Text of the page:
Bulldozers v cultural heritage

A real estate developer in El Salvador has spent almost nine months bulldozing and erecting houses on top of an important archaeological site in the department of Sonsonate.   The builder ignored multiple orders by government authorities to stop its work, and the construction ceased only two weeks ago when a court order was finally being enforced.

The archaeological site is called Tacuscalco, in the municipality of Nahuilingo in southwestern El Salvador.  Tacuscalco was the location of a pre-Colombian population of the Maya, Nahuat and Pipil people.  There is evidence of inhabitants at the site for more than 2500 years, giving the site significance for understanding the history of the original peoples of the region.  The site features in the history of the Spanish conquest of El Salvador, and is mentioned in the letters of conquistador Pedro Alvarado as the place where he met the Pipil in a bloody battle.  His defeat of the Pipil there resulted in the conquering of the indigenous peoples of the country.  The conquest of Tacuscalco is also mentioned in the Lienzo de Tlaxcala fabric pictoral history.

Image result for Lienzo de Tlaxcala
Lienzo de Tlaxcala pictoral history
The Acrópolis residential development  is being built by the real estate development firm Fénix, S.A.  which is affiliated with Salazar Romero real estate.  Houses in the development have prices ranging from $37,000 -75,000.   It is a walled, gated, residential community of a type being built in many parts of the country.  Houses are being promoted on the developer's Facebook page and website.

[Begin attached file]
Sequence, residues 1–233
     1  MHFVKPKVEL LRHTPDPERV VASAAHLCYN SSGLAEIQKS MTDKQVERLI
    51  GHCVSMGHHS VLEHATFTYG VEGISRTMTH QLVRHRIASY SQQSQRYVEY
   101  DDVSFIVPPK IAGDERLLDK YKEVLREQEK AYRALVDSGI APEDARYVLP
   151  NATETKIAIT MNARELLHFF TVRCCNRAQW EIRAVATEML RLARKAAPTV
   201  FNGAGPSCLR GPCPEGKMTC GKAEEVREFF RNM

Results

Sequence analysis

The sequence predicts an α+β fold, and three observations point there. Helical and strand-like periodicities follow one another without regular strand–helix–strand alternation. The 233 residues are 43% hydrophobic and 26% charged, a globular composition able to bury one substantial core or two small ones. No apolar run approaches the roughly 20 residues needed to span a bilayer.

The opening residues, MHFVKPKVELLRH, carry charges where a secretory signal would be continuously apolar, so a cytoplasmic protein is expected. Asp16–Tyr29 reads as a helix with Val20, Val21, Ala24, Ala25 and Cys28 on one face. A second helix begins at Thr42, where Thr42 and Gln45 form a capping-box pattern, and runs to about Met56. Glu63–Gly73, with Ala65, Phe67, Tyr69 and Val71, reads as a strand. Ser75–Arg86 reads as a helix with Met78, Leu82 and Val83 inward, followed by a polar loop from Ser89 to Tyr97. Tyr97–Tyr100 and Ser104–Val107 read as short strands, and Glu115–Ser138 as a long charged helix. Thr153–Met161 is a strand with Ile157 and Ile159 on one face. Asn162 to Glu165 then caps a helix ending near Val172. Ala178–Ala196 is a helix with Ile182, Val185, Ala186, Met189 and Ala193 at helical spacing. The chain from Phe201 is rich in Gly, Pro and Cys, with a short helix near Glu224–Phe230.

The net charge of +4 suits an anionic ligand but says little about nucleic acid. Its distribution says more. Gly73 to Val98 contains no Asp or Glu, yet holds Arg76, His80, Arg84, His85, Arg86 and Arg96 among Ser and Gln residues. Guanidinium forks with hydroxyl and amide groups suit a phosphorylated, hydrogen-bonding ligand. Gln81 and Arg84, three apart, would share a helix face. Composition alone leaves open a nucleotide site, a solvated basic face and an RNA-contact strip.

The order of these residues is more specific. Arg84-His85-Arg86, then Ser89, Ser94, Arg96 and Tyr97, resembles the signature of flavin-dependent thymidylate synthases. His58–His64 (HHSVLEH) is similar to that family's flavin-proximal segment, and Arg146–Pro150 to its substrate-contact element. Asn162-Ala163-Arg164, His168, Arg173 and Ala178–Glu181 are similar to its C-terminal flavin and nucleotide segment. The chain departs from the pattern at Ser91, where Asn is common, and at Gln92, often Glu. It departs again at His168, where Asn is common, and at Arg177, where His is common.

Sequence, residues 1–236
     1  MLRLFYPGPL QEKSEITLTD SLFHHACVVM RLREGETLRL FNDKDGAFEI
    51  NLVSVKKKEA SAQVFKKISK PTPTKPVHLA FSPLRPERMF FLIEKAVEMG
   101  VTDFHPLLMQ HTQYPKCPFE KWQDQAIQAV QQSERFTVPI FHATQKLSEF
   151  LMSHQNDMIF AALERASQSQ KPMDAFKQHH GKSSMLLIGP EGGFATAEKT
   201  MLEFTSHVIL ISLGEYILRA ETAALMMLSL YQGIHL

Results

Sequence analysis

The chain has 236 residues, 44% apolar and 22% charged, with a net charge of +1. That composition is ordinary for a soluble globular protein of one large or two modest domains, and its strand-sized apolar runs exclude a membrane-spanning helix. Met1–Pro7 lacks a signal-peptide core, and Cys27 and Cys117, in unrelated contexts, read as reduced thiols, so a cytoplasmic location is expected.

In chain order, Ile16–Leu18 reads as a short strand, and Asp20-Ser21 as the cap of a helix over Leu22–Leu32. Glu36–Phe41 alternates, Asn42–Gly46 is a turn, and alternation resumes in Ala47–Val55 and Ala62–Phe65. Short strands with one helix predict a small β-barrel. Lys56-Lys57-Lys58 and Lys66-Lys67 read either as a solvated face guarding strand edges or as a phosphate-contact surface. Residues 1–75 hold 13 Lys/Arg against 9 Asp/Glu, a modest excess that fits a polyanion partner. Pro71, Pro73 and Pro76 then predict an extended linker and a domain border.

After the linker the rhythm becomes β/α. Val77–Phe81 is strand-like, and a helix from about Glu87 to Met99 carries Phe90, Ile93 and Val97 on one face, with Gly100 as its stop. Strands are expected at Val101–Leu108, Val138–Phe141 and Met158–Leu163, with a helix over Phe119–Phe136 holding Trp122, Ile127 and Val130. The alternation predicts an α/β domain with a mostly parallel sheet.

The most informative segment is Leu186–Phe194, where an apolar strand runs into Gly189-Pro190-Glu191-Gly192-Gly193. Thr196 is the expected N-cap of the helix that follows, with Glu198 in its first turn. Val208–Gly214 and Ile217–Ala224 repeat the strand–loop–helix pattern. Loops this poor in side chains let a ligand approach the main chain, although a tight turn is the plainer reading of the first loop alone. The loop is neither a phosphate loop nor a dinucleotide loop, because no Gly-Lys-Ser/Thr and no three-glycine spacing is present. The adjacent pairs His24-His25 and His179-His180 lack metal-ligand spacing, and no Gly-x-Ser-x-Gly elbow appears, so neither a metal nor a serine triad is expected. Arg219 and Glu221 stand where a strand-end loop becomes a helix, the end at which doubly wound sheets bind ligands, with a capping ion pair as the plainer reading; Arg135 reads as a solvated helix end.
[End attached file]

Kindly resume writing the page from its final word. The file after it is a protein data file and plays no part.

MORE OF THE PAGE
Construction on the site began in the fall of 2017.   The central civic and monumental parts of Tacuscalco had been named a protected cultural site in 1997, and the Acropolis development is on an adjoining parcel.  Contemporaneous investigations by archaeologists of the Ministry of Culture determined that zones of archaeological significance extended past the existing site onto the land which Fenix sought to develop.   Orders were issued for Fenix not to develop a portion of the site.  The Secretary of Culture issued orders declaring that a part of the planned development must be left as green space because of the archaeological significance of what lies beneath the surface.  Fenix ignored the orders, claiming they were either illegal or that Fenix already had all the permits it needed.   The Environment Ministry (MARN) also issued orders for construction to stop, but was powerless to enforce them.

Additional construction is halted for the time being through a court order, though it may be resumed depending on ongoing legal proceedings.  But this month's court order comes too late to prevent much of the destruction which has already occurred.

Cultural heritage of El Salvador has been lost, crushed under the treads of bulldozers and cement mixers. An inefficient judicial and legal system was unable to stop a rapacious developer.  Construction may now be halted, but the actions of Fenix to build as fast as it could before someone physically stopped its bulldozers were successful.  Fenix will happily take the money of anyone who wants to buy the houses already built.

A video from ContraPunto provide an overview of the dispute and images of the development bulldozing Tacuscaclo.   A photo gallery looks at the site and the protests.